- Star Trek: The Next Generation has a Klingon religious caste try to use cloning and memory construction to recreate their local Messiah Kahless, so that they (with Kahless as their puppet) could take over the Klingon Empire and "restore it to greatness". When Worf finds out, the monks ask him how he knows that's not how the prophesy of Kahless' return was supposed to be fulfilled. The episode ends with the truth being revealed and a compromise being reached: Kahless II is allowed to become the figurehead Emperor (a previously vacant position).
- Half-way into Deep Space Nine Worf figures out how powerless Kahless II actually is. The figurehead Emperor thing was also his idea.
- One book in the Expanded Universe implies that history didn't go exactly as recorded, and the blood used to create the clone actually came from Kahless's brother, who survived years longer than Klingon mythology holds and dies taking the knife for Kahless. The knife from which the blood used to clone "Kahless" was extracted.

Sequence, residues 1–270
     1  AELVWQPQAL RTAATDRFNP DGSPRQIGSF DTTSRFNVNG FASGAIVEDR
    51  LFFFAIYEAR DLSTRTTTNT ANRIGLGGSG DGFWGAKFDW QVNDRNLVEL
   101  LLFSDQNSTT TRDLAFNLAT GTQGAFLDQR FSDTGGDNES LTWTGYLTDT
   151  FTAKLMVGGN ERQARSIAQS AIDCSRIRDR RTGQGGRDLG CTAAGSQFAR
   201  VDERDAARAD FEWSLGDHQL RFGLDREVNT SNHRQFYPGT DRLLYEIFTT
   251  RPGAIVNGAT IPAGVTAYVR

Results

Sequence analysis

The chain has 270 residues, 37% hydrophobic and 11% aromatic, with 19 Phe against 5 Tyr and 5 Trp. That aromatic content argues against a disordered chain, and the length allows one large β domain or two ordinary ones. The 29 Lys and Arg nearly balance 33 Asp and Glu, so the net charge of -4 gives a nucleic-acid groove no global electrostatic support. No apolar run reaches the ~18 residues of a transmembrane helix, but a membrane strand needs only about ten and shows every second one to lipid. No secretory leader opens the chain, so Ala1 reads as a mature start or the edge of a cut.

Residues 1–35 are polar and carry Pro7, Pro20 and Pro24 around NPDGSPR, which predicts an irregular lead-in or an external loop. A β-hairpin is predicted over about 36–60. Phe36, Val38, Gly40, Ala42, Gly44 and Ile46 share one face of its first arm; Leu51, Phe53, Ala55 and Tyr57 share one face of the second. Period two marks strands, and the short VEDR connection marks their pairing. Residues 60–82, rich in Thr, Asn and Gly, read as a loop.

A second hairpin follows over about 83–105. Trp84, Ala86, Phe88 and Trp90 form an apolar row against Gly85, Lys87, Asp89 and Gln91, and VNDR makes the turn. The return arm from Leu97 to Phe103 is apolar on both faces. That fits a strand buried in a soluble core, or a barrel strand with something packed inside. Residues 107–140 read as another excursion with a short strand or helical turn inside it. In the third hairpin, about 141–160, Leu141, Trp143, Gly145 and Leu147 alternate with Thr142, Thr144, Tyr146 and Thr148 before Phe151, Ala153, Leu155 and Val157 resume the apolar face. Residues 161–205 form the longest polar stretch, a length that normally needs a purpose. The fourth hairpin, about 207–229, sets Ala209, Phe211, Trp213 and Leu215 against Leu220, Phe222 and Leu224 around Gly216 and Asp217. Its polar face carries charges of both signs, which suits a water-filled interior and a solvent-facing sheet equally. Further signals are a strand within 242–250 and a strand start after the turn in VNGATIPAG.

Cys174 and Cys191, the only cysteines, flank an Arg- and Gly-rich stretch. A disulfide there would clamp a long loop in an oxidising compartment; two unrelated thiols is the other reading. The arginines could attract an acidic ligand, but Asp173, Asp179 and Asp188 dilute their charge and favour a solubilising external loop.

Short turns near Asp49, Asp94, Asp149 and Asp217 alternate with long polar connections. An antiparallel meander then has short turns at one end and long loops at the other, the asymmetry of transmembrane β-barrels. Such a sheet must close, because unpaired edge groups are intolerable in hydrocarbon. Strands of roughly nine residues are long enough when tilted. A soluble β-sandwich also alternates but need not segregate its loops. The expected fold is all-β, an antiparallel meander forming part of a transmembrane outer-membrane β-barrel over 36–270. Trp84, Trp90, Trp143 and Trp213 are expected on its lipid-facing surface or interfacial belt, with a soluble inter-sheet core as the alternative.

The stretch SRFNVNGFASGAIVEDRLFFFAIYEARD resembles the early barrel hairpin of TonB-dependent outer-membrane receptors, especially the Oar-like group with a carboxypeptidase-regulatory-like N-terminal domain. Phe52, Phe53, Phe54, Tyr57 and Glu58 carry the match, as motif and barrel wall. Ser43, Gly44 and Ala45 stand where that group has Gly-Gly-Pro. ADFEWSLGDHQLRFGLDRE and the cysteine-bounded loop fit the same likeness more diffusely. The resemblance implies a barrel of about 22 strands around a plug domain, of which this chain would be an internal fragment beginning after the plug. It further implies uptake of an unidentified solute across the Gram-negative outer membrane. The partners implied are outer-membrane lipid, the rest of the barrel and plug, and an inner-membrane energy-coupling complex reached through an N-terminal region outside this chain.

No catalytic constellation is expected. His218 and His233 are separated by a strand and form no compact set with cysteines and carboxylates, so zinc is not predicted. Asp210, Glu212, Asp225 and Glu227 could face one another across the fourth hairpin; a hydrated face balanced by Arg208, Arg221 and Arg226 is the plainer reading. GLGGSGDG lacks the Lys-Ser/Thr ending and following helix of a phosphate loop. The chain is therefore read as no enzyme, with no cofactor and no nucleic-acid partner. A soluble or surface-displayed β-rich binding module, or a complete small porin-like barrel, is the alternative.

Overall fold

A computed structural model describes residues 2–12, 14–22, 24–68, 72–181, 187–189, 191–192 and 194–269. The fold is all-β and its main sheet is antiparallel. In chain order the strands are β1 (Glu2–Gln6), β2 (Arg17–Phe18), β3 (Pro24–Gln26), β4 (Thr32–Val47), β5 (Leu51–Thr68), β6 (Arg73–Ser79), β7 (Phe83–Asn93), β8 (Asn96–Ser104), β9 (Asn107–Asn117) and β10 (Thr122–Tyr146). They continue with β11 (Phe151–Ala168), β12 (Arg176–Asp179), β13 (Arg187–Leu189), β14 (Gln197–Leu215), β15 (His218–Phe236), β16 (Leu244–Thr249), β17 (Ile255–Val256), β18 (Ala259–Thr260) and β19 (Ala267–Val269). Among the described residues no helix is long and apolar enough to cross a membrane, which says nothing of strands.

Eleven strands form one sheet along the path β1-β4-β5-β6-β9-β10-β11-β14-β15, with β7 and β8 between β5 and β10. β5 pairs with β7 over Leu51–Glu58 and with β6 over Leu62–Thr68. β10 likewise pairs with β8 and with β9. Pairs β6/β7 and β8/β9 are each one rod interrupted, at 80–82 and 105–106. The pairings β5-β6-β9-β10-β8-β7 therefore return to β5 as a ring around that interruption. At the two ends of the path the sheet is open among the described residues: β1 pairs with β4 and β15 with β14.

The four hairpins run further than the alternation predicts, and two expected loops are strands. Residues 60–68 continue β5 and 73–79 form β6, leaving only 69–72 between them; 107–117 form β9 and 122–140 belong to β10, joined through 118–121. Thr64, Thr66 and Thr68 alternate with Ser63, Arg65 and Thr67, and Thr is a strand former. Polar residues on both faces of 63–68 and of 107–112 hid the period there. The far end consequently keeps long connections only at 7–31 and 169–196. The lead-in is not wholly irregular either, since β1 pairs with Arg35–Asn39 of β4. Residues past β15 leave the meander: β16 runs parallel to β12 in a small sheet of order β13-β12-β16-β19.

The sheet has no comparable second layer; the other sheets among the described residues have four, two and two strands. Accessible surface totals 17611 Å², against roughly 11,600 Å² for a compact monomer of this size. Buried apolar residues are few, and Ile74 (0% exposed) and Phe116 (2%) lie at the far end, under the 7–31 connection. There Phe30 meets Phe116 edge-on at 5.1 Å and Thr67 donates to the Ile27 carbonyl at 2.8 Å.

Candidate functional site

- A religious cult in ReGenesis tries to clone Jesus from some blood on one of the nails used to affix him to the cross.
- FLEM Comics had an arc about a mutant Jesus Clone, with many tentacles. They had him have sex with a prostitute, and she used the wrong tentacle
- An odd version in Homestuck: Karkat's ancestor, The Sufferer, is a Crystal Dragon Jesus, and while he isn't meant to be an exact clone of the Sufferer in terms of purpose (in fact, he's his own clone), they're genetically (and presumably physically) identical and he was heralded by the Sufferer as his second coming. However, because of how paradox cloning works, the Sufferer is their' clone and also qualifies for this trope.
- In Sister Claire, it turns out that Claire is a clone of Clementine, the "witch queen". Since many of the main cast members knew Clementine "back in the day", this has caused quite a bit of conflict and confusion. Claire's "birth" was accidental, since Catherine was just trying to give Clementine's remains a decent burial.